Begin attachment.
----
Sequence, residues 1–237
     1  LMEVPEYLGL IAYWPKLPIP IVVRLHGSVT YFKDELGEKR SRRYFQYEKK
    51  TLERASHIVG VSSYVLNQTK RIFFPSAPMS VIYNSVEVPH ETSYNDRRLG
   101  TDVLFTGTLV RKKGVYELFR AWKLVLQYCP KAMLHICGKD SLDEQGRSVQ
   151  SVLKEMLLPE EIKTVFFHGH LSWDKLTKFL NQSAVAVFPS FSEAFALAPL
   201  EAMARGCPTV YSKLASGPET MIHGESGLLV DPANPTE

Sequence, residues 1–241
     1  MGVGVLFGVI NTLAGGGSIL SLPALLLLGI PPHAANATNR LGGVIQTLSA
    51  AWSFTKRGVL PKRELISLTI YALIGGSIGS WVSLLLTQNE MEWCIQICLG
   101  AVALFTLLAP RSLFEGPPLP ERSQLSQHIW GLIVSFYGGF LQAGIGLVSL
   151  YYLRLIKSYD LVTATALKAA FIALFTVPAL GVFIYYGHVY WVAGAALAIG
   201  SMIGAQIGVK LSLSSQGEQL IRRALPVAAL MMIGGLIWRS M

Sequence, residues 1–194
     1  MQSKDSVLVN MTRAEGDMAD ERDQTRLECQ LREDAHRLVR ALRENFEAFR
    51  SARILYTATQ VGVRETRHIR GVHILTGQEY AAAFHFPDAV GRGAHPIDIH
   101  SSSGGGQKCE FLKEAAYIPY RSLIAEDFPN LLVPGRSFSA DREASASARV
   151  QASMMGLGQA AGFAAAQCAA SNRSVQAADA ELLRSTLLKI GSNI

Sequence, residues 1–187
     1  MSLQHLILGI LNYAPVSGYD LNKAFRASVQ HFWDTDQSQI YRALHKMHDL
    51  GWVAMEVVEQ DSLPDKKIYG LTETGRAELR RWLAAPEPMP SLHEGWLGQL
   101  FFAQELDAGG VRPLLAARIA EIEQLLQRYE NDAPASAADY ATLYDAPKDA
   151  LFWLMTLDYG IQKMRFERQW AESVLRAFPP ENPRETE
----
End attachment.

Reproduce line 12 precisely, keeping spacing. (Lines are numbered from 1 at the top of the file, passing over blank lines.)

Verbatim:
   201  SMIGAQIGVK LSLSSQGEQL IRRALPVAAL MMIGGLIWRS M